Like many mornings, I was in a hurry today. My son needed a ride to school instead of walking, and I had to get my younger son to daycare so that I could hurry and get a haircut before work. But I was against the clock there as well. I couldn’t be late; I had a conference call right at 9am. Now my ex-wife was a soldier, so I became quite accustomed to military life, and one of the many things I learned was that military barber shops are very efficient and fast. So especially when I am in a rush, I stop by the barber shop at my local military base to get my haircut.
I was in luck. I walked into the barber shop at 8:20, and there was no one else waiting. The chairs were full though with a mix of soldiers and retirees getting their haircuts from the mainly Korean women who seem to be the frequent hair cutters in this establishment. Getting a haircut from these Korean women is kind of like playing Russian roulette. I tell them how I want my hair cut, they nod politely and proceed to cut it whatever way they feel like that day. It isn’t that they don’t understand me; they speak English fine when they want to. Rather, I think it is that they are just convinced that they know how I should get my hair cut better than I do. I don’t mind deferring to their expertise; it always looks pretty good, and it’s FAST. I have had a hair cut in less than five minutes at the hands of one of their clippers.
Just as I sat down to wait for an open barber, a visibly agitated soldier got up and walked toward the front of the shop. As he walked by me, he kind of mumbled to me and said, “You’re up, good luck.” Good luck? What does that mean? Why do I need good luck getting my haircut? This can’t be good. Quickly it was apparent what the soldier meant. The open barber chair didn’t have one of those efficient Korean ladies behind it. No, there was an older man there. At first glance he looked like he must have been 70-80 years old. He looked rather frail and like he didn’t move really quickly these days. “Great,” I thought. “I don’t have time for this,” ran through my mind as I sat down in the chair. 8:25am.
“How do you want it done?” the barber asked in a deep, kind of raspy voice. I turned to look at him and told him my usual hair cut standard. I noticed his name tag had “Pitts” on it. I’m not sure if that was a nickname or maybe his last name. Most of the other employees had normal every day names like Helen or Kim or Ed. Pitts went to work on my hair. His hands shook while he held the clippers and sometimes he used his left hand to steady his right. He moved slowly around the barber chair with determination. I admit that I started to get annoyed as I watched other patrons around me sit down and then get up to leave before my haircut was even half way done. 8:37am.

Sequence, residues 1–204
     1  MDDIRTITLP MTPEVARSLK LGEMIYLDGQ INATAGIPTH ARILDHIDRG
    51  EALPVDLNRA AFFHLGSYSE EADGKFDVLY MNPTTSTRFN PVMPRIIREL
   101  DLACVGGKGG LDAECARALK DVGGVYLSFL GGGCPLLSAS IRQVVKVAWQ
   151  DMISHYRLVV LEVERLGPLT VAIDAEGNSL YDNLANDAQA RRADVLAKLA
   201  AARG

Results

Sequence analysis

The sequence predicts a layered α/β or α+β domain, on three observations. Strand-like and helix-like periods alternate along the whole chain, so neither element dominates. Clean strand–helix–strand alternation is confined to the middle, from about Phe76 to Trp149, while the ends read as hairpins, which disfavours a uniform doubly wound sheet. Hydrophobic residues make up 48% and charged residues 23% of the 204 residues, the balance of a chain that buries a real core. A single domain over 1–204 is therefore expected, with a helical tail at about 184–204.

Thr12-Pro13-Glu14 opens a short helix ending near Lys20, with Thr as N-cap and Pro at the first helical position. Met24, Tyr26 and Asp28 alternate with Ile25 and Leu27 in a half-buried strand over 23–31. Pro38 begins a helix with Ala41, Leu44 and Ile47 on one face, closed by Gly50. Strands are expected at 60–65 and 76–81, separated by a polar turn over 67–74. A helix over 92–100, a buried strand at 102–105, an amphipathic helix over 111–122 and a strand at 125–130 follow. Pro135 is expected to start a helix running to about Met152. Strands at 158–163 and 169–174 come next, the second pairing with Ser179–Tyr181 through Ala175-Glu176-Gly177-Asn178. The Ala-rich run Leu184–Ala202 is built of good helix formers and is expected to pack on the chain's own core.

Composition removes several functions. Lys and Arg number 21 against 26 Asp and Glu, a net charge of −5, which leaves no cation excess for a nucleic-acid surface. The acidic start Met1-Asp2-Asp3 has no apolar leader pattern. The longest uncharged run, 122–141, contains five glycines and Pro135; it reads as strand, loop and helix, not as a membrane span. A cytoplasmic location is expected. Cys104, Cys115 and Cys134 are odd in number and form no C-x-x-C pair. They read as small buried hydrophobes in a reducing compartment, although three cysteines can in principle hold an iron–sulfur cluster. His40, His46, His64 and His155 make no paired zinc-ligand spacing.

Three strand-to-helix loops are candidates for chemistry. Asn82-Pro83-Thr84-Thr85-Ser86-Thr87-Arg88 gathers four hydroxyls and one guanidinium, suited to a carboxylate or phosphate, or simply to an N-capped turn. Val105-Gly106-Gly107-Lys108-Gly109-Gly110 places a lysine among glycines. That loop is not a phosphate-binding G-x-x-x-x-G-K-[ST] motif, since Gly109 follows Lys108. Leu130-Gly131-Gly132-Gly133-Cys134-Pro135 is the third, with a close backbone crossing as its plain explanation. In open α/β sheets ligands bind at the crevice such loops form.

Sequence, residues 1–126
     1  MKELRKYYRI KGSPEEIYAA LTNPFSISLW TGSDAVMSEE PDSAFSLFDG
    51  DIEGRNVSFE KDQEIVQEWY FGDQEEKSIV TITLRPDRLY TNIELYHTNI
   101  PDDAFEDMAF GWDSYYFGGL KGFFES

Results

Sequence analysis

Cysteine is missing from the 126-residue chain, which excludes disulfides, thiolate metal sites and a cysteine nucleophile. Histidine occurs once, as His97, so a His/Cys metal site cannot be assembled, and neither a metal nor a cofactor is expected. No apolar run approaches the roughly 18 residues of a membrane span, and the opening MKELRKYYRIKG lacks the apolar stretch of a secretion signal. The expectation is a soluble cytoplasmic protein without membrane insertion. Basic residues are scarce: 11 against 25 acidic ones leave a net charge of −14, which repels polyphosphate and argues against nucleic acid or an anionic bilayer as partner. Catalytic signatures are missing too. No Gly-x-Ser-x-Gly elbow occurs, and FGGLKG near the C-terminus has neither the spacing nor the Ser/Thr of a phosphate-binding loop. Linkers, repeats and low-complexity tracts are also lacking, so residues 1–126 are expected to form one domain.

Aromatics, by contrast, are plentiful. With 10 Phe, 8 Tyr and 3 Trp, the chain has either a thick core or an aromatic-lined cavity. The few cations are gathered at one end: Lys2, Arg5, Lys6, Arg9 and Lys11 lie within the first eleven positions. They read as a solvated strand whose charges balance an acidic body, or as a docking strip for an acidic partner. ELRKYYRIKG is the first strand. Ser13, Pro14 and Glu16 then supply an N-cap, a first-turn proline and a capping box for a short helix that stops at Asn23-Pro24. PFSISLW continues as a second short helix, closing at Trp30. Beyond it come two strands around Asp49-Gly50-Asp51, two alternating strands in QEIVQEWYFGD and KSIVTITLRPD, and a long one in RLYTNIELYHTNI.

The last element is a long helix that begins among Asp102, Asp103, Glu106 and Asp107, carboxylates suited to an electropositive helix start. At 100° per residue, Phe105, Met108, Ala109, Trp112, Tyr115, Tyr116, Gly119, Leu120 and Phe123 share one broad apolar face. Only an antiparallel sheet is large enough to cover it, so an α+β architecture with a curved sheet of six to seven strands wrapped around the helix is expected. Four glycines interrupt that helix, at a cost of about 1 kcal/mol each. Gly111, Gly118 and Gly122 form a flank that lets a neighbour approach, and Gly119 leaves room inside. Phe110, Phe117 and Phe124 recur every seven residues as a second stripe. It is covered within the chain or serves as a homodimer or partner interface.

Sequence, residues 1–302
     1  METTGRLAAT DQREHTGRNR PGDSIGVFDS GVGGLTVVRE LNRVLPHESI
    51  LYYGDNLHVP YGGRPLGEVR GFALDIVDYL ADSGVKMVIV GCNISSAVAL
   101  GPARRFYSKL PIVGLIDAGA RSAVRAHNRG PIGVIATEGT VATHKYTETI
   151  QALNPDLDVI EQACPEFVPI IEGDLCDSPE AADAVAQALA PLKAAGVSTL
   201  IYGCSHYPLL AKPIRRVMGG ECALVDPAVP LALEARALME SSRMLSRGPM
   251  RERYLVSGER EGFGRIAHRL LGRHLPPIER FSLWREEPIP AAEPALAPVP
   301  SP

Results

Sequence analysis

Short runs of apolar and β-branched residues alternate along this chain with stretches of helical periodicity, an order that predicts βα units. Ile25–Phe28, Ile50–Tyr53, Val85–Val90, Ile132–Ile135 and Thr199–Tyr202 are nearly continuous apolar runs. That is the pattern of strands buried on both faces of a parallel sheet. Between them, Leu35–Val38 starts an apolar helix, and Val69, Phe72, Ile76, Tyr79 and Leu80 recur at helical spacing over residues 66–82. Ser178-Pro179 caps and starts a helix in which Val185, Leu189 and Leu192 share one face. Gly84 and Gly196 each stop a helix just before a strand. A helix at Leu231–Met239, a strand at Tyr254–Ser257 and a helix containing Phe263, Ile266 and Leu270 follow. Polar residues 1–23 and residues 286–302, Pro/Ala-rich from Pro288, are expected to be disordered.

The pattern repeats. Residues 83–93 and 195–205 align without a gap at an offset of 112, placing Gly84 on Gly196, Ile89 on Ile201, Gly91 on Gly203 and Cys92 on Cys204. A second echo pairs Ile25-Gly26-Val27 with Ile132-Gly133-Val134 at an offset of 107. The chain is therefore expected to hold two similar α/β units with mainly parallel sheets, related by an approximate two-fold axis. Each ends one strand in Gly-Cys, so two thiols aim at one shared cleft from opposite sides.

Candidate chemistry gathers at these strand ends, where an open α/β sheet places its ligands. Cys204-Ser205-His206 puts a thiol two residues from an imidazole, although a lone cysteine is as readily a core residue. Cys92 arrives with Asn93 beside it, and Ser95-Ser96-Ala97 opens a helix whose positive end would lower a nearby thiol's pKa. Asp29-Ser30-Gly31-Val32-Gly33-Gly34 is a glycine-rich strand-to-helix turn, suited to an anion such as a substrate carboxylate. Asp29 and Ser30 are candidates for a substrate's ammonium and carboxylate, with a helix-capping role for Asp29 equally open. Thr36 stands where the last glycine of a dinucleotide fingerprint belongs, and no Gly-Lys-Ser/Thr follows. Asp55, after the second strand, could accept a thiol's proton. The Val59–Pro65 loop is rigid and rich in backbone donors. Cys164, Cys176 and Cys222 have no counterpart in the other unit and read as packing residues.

Pitts wasn’t talkative like many barbers. He seemed to need every bit of conscious effort to focus on the task at hand. I’m not sure how exactly it happened, but in the middle of my frustration, I went through a transformation. Left alone to my own hurried thoughts, I began to take note of Pitts in more detail as he walked around the chair. He wore an American flag pin on his collar and another pin on the front of his shirt that indicated he was a veteran of the Korean War. A quiet sadness came over me as I watched him struggle to keep his hands steady. A part of me desired to ask him about his service, but the part of me stuck in reverent silence won out. Here was a man who had served and sacrificed for our nation. Here he was, now in his 70’s, still serving the hundreds of servicemen and women that walked through the doors every day.
Pitts put the finishing touches on my haircut and meticulously removed the few stray hairs that remained on my neck when he took off the cutting cape. It was apparent to me that it took him the time to do one haircut in the time his counterparts did two or three. I felt a bit awkward as I went to pay him when all I could seem to say was, “Thank you for all you’ve done. Have a great holiday.” It must have seemed a strange thing to say after receiving a haircut. I hope that in my genuine thank you that he understood my gratitude for his sacrifice he made years ago and that he still was making today. He looked up at me a bit surprised as I left a big tip in his hand and turned to walk away. 8:51am. He yelled a “Thank you sir!” as I walked out in a hurry to make it to work on time.
As I drove to the office, I looked in the rearview mirror at my hair. It was flawless. I am a bit ashamed that in my rush I almost missed out on the opportunity to appreciate one of the many people that I owe my freedom to today. If you didn’t get the opportunity to show your gratitude to a veteran this past week, I encourage you not to miss the chance. Did I make it to work on time? I did. 8:58am. Somehow, it didn’t seem to matter as much anymore, though. Many of this nation’s heroes are all around us every day. I hope I don’t ever lose sight of that again.
Title image sources: Clodiney Cruz and William Picard
Dave Baldwin is a businessman, musician, and divorced father of two boys. They live together in El Paso, TX.
2 thoughts on “The Haircut: Remembering Our Veterans”
Thanks, Dave. It is men like Pitts that we owe so much gratitude. I’m trying to make a point to stop and thank all of the Vietnam and Korean War veterans that I meet. They served in a time before “Veteran’s Day” was even really solidified. Great article!
Thanks, Dave! Well written and enjoyable. And, I’ve certainly had many of the same thoughts run through my head as I swiveled through many a military barber’s chair in the past 20 years.